US 6659198 B2
The backreamer assembly for enlarging shallow depth boreholes in an earthen environment includes a substantially conical cutting surface. Contained within the substantially conical cutting surface is a speed reduction, torque increasing gearbox which transmits rotational power from a drive motor to the substantially conical cutting surface.
1. A back reamer assembly for enlarging an existing borehole formed in an earthen environment, said back reamer assembly comprising:
a substantially conical means for cutting into the earthen environment;
means for rotating said substantially conical means for cutting into the earthen environment, said means for rotating including:
a speed reduction, torque increasing gearbox constructed and arranged to be substantially contained within said substantially conical means for cutting into the earthen environment;
means for supplying rotational force to said speed reduction, torque increasing gearbox.
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11. A method for enlarging a borehole having a proximal end and a distal end, said borehole being previously formed in an earthen environment, said method comprising the steps of:
inserting a string of an elongated cylindrical member through the borehole;
mounting a back reaming tool assembly on said elongated cylindrical member at said distal end of said borehole, said back reaming tool assembly including:
a substantially conical means for cutting into said earthen environment;
means for rotating said substantially conical mean for cutting into the earthen environment, said means for rotating including;
a speed reduction, torque increasing gearbox constructed and arranged to be substantially contained within said substantially conical means for cutting into the earthen environment
means for supplying rotational force to said speed reduction, torque increasing gearbox;
rotating the substantially conical means for cutting into the earthen environment of said back reaming tool with said means for supplying rotational force to said speed reduction, torque increasing gearbox;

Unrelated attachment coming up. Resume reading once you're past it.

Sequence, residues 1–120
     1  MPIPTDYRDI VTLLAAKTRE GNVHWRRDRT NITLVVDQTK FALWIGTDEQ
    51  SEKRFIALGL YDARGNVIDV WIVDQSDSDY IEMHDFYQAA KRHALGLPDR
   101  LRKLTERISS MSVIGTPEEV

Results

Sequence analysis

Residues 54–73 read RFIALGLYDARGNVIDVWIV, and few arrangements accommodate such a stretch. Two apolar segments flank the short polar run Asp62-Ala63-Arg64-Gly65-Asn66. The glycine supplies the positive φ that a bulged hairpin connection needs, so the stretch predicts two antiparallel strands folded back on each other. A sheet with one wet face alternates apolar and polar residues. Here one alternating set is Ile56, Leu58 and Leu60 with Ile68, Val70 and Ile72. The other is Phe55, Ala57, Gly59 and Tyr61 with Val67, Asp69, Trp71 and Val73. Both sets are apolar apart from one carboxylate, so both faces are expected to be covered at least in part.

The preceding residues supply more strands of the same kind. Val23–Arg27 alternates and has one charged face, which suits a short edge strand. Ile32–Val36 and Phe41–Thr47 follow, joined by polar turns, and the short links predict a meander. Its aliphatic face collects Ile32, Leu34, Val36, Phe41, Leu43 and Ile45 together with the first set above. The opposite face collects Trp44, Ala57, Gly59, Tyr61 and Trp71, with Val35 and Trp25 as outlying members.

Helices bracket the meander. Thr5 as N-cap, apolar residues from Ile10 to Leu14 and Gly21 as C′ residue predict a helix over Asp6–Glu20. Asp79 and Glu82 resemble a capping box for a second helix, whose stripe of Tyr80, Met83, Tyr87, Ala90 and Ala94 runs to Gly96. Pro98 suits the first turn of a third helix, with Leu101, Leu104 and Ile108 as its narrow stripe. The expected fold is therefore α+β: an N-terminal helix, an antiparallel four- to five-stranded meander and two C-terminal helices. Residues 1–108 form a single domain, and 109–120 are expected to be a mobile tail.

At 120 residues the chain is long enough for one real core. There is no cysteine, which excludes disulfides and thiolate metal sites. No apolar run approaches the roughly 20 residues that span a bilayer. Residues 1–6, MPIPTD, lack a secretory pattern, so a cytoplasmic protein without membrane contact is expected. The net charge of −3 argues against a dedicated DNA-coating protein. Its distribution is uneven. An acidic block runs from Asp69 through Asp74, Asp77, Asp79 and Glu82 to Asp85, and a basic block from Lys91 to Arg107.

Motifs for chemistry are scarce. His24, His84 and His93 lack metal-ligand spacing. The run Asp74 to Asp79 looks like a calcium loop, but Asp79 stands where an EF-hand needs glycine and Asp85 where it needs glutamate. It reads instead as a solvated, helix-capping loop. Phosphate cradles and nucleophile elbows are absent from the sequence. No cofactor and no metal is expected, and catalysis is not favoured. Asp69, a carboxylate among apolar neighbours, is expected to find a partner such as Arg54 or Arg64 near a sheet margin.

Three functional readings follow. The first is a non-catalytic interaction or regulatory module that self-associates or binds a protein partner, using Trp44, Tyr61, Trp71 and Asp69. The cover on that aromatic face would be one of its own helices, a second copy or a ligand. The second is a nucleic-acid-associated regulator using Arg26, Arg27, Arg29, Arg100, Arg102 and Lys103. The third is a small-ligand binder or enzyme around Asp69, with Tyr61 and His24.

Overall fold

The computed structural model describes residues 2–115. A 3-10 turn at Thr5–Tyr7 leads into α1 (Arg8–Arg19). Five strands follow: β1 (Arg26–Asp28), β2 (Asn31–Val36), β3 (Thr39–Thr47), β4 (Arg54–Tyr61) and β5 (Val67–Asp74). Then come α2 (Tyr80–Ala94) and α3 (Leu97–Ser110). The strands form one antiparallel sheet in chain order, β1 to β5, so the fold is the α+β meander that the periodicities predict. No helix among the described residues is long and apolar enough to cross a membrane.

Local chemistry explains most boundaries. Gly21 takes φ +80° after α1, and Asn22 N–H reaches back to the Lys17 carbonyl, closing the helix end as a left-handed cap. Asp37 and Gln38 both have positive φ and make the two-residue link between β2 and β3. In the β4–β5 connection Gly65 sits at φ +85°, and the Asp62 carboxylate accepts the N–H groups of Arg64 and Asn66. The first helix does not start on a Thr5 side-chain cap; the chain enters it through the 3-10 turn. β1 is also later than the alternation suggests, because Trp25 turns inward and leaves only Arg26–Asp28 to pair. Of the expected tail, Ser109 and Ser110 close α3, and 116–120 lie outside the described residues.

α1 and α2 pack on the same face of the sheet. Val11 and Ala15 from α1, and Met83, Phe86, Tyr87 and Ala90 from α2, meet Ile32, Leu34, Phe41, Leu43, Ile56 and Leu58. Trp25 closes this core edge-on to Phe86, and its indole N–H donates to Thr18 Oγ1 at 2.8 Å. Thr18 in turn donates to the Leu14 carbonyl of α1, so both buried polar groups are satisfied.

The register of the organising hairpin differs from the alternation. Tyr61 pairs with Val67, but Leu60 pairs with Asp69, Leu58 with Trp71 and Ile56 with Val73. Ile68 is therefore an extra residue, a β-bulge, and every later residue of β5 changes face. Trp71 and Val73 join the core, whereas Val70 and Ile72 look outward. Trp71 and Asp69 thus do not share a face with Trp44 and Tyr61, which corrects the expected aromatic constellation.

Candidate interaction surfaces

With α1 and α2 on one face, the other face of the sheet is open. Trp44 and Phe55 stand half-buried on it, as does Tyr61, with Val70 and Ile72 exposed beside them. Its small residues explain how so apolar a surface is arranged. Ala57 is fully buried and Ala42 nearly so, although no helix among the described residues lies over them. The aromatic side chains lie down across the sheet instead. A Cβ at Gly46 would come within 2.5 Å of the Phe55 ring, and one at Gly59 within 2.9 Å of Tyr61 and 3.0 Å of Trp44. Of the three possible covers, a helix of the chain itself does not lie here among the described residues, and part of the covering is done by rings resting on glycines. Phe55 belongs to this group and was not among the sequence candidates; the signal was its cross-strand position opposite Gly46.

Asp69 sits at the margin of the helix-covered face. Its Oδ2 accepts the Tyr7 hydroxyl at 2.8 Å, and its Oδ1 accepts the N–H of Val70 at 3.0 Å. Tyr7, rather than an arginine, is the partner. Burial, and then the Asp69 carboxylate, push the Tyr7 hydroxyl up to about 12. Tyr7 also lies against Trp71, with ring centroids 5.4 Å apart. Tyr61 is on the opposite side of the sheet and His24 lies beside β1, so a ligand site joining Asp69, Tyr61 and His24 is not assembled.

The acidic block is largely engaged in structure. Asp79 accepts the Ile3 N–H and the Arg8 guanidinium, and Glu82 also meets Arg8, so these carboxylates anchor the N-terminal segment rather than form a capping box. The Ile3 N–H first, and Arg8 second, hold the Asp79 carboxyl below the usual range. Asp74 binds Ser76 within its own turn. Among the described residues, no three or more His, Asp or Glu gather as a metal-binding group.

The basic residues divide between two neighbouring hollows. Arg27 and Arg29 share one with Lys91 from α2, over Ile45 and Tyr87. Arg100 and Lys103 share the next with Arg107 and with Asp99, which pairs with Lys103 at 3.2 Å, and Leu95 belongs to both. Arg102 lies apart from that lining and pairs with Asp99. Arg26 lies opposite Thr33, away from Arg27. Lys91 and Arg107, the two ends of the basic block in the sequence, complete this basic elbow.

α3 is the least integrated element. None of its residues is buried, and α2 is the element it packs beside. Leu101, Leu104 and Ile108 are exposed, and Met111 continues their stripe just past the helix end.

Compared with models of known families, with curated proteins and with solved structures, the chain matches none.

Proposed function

placing tension force on said elongated cylindrical member to pull said back reaming tool through the previously drilled borehole.
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This non-provisional patent application claims the benefit of U.S. provisional patent application 60/299615, filed Jun. 20, 2001.
The present invention pertains to apparatus and method for enlarging subterranean holes using a substantially conical bit mounted at the end of a string of segmented drill pipe or flexible tubing.
In recent years the placement of utility service lines in shallow boreholes drilled substantially parallel to the earth's surface has become more common. Initially, these lines were buried by digging a shallow trench, placing the utility service line in the trench, and then re-filling the trench. Later, it was realized that the horizontal and directional drilling techniques used in deep well drilling could be adapted for the drilling of shallow boreholes for utility lines. Now, it is common to see shallow borehole drilling machines, which include a rack of segmented pipe sections, drilling shallow boreholes for utility lines.
The drilling of shallow boreholes for utility lines is typically a two step process. First, a pilot hole is drilled outwardly from a location proximal to the drilling machine. When the shallow borehole reaches its predetermined destination or distal location, the drilling tool is steered upwardly towards the earth's surface or caused to enter an exit pit. It is at this time that the drilling tool, which was used to drill the initial pilot hole is removed and replaced with a backreaming tool. The backreaming tool is then pulled back through the hole to enlarge the borehole to a desired size.
Typical to the subterranean hole boring industry are enlarged drill bits that are utilized in a back drilling, or “backreaming” operation. These enlarged drill bits are known as backreamers. These backreamers are made in various sizes and shapes but are all based on a configuration wherein the drill face is pointed back toward the drilling machine located at the proximal point of the borehole. This configuration enables the bit face to cut while the drill pipe or tubing is pulled back towards the drilling equipment from the distal end of the borehole.